the Resolution and obtained a certification dated January 18, 2002
from the Court of Appeals stating that no such resolution ordering
complainant to surrender custody of their children to respondent
had been issued.

Issue:
Whether or not the respondent can be held
administratively liable for his reliance on and attempt to enforce a
spurious Resolution of the Court of Appeals.

Held:
Yes. CANON 10. A LAWYER OWES CANDOR, FAIRNESS
AND GOOD FAITH TO THE COURT.
Rule 10.01 - A lawyer shall not do any falsehood; nor
consent to the doing of any in court; nor shall he mislead, or allow
the Court to be misled by any artifice.
Rule 10.02 - A lawyer shall not knowingly misquote or
misrepresent the contents of a paper, the language or the argument
of an opposing counsel, or the text of a decision or authority, or
knowingly cite as a law a provision already rendered inoperative by
repeal or amendment, or assert as a fact that which has not been
proved.
Thus, a lawyer who used a spurious Resolution of the
Court of Appeals is presumed to have participated in its fabrication.
Hence, Candor and fairness are damande of every lawyer. The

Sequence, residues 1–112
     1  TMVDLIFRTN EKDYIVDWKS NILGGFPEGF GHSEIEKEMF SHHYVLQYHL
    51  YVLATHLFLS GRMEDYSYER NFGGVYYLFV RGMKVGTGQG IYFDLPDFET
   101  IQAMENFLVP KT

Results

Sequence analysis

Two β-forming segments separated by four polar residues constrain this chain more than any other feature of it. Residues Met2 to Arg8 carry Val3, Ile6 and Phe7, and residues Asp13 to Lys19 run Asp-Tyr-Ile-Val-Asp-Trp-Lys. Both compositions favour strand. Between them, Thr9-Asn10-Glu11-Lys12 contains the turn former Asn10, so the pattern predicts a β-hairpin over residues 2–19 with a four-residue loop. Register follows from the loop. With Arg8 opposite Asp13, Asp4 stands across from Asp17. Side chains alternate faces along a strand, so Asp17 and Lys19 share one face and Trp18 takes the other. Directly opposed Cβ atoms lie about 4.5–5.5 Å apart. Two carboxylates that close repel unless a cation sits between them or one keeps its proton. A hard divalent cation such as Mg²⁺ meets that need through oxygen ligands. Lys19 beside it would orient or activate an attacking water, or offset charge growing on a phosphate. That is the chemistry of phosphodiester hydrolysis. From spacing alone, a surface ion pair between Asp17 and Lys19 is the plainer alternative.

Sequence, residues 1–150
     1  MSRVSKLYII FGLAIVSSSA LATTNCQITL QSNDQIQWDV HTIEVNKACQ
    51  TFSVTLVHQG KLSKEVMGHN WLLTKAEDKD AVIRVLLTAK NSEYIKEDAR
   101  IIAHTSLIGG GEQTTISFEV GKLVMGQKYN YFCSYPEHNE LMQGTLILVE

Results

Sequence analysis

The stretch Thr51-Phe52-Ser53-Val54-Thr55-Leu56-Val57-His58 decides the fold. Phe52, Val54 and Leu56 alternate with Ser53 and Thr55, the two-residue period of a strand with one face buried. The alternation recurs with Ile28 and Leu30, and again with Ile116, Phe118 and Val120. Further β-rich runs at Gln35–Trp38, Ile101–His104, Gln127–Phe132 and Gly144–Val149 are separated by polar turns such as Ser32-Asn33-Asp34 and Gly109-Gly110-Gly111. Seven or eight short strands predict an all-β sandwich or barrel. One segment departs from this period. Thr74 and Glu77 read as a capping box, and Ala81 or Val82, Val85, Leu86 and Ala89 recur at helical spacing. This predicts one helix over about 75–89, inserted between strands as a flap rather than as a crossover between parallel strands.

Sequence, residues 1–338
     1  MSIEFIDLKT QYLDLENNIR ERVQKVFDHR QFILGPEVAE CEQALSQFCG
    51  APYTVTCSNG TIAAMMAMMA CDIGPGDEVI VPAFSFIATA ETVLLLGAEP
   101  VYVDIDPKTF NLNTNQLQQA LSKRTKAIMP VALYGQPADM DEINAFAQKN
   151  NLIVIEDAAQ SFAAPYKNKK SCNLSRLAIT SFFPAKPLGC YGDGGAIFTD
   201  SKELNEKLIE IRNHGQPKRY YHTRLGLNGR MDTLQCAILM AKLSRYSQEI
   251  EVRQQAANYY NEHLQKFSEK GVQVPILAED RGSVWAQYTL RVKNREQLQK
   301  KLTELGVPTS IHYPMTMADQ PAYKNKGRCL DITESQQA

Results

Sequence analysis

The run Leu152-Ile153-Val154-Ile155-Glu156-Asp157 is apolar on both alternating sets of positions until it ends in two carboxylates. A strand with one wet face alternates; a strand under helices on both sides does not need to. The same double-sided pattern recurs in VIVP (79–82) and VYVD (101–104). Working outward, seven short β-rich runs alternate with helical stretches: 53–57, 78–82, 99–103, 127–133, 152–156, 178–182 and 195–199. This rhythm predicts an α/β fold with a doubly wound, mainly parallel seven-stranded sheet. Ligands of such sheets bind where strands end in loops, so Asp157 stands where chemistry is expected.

burden cast on the judiciary would be intolerable if it could not take
at face value what is asserted by counsel. The time that will have to
be devoted just to the task of verification of allegations submitted
could easily be imagined. Even with due recognition then that
counsel is expected to display the utmost zeal in the defense of a
clients cause, it must never be at the expense of the truth.

IN RE: ATTY. ARTURO SAMANIEGO


A.C. No. 74
November 20, 1951

Facts:
Prior to 1948, Bernardo Samaniego (a cousin of the
respondent) filed a war damage claim with the U.S.Philippine War
Damage Commission. He was married to Isabel Medina and had
three children, only one of whom is living. In 1944, Bernardo
Samaniego and his wife did not live together for about fifteen years,
during which, however, he cohabited with Alejandra Cruz. Bernardo
Samaniego and Alejandra Cruz had six children, although only four
are living. Bernardo Samaniego died on February 29, 1948.
Sometime before September 21, 1948, a check (No.
383421) for P841.50 was issued by the U.S. Philippine War
Damage Commission in the name of Bernardo Samaniego as a first
payment of his claim. Claiming to be the widow of Bernardo
Samaniego, Alejandra Cruz succeeded in getting the check from the
postmaster of Malolos, Bulacan.
On September 21, 1048, the respondent and Alejandra
Cruz went to the National City Bank of New York, Manila, to encash
the check. The respondent sought the assistance of an acquittance,
Proceso Jodloman, an employee of the bank. After the respondent